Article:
Big Business and the State

Historical Transitions and Corporate Transformations, 1880s-1990s

By Harland Prechel

Subjects: Economics
Series: SUNY series in the Sociology of Work and Organizations
Paperback : 9780791445945, 317 pages, May 2000
Hardcover : 9780791445938, 317 pages, May 2000

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Table of contents

List of Tables
List of Figures
List of Abbreviations

1. Capital Dependence, Historical Transitions, and Corporate Transformations

Part I: Corporate Transformation in the Late Nineteenth and Early Twentieth Centuries

2. The Federalist State and the Emergence of the Modern Corporation

3. Restructuring the Business Enterprise to Obtain Market Control, 1890–1905

4. Political Capitalism: The Rise and Demise of the Industrial Holding Company

Part II: Transformation of the Managerial Process

5. From Product Cost Controls to Financial Controls

6. The Management of Managers at American Steel, 1920–1970s

Part III: Historical Transitions in Corporations' Institutional Arrangements, 1940s–1990s

7. More Political Capitalism: Changing Economic Conditions and Corporate Political Behavior, 1940–1985

8. Transformation of the Managerial Process, 1980s

9. Changing Institutional Arrangements and Transformation to the Multilayered Subsidiary Form

10. Tranformation to the Multilayered Subsidiary Form among the Largest Industrial Parent Companies

11. Conclusion: Historical Transitions and Corporate Transformations


Examines the evolution of corporate form and managerial process from the 1880s to the 1990s, detailing how corporations influenced government to affect changes in response to economic transitions.


In Big Business and the State Harland Prechel develops a conceptual framework that contrasts with prevailing definitions of the corporation. His analysis shows that corporate property rights and the legal basis of ownership are crucial to understanding corporate behavior. The book examines how historical transitions affected the three most significant corporate transformations in the last 110 years (1880s–1900s, 1920s–1930s, 1980s–1990s). During each period, in response to economic crisis, big business engaged in political behavior to pressure state managers to realign the institutional arrangements in which corporations were embedded. The historical multicausal method shows that economic crisis, managerial inefficiencies, dependence on external capital markets, and the political processes of redefining corporate property rights and corporate tax laws are crucial to understanding corporate transformation.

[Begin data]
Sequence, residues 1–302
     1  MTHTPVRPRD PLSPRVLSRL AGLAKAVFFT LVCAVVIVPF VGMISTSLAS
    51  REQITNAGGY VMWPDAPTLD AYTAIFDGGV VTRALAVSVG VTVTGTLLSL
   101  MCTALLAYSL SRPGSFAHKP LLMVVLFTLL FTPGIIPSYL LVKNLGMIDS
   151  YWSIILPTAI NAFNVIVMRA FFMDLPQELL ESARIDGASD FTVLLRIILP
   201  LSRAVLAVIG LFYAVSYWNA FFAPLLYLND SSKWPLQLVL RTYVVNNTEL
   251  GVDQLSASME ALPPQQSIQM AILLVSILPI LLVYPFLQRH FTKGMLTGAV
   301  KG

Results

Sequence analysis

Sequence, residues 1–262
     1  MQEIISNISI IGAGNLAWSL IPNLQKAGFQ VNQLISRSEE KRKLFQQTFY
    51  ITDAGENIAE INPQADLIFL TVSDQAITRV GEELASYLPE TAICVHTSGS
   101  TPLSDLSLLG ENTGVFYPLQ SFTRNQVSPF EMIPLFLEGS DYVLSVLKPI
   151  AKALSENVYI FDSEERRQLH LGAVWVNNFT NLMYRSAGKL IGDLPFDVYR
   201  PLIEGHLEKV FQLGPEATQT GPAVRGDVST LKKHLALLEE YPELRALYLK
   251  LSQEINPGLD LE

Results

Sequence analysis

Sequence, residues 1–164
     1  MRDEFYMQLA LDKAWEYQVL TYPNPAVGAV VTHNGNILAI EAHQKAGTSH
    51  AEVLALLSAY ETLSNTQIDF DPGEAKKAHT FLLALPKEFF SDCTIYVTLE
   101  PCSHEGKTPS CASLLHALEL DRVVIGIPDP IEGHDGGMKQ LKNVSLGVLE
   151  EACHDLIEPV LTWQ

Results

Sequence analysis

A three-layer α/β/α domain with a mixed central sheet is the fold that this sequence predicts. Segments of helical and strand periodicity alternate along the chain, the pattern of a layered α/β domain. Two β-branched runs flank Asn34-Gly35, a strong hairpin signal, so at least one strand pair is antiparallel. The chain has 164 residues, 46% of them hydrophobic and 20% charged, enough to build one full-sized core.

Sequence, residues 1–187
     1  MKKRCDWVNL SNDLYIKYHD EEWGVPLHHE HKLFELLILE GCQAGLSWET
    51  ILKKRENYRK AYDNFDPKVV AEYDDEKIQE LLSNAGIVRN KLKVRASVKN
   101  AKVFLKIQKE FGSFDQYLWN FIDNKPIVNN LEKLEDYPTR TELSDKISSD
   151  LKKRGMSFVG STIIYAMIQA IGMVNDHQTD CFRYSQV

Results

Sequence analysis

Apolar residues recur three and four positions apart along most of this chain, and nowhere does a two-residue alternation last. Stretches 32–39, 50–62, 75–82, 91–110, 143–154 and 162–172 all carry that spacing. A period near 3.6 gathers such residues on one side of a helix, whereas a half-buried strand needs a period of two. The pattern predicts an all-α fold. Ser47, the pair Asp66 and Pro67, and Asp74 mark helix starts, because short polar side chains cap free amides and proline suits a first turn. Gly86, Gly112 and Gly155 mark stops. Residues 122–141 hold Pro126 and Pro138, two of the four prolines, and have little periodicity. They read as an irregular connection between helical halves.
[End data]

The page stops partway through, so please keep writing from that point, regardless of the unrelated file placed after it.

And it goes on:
Harland Prechel is Associate Professor of Sociology at Texas A&M University, and the author of Corporate and Class Restructuring.


"With its broad sweep, this book … will challenge and inform sociologists and business historians." — CHOICE

"This book is essential reading for sociologists interested in state theory or organizational theory. Also, the author's integration of historical case method and quantitative analysis and his ability to move easily between micro, meso, and macro levels of analysis make this book a model of sociological research that any sociologist would gain from reading." — Contemporary Sociology

"Harland Prechel, in Big Business and the State, helps move beyond embeddedness to develop an account of precisely how the relationship between corporations and the state actually shapes each of them. He synthesizes the classical organization theory concept of dependence with the foundational concept of political economy, capital, as the centerpiece of this important and potentially influential book … Prechel's empirical discussion of the difference between rationalization and efficiency is one of the best I've seen, making the book one of the sharpest critiques of efficiency theory in recent years." — Administrative Science Quarterly

"This book tackles a complex set of historical, economic, political, and sociological issues with great energy and enthusiasm. The two things I like best are the author's attention to issues of law, legislation, and the legal form of corporations, and his explicit awareness and treatment of the historical differences between nineteenth-century dynamics of economic-corporate development and the contemporary phase of economic globalization." — Wolf Heydebrand, coauthor of Rationalizing Justice: The Political Economy of Federal District Courts

"This volume takes on large and important questions. Well-written and compelling, this is good sociology. I think it has the potential to be a very important book; it's a fine piece of scholarship." — David Bills, editor of The New Modern Times: Factors Reshaping the World of Work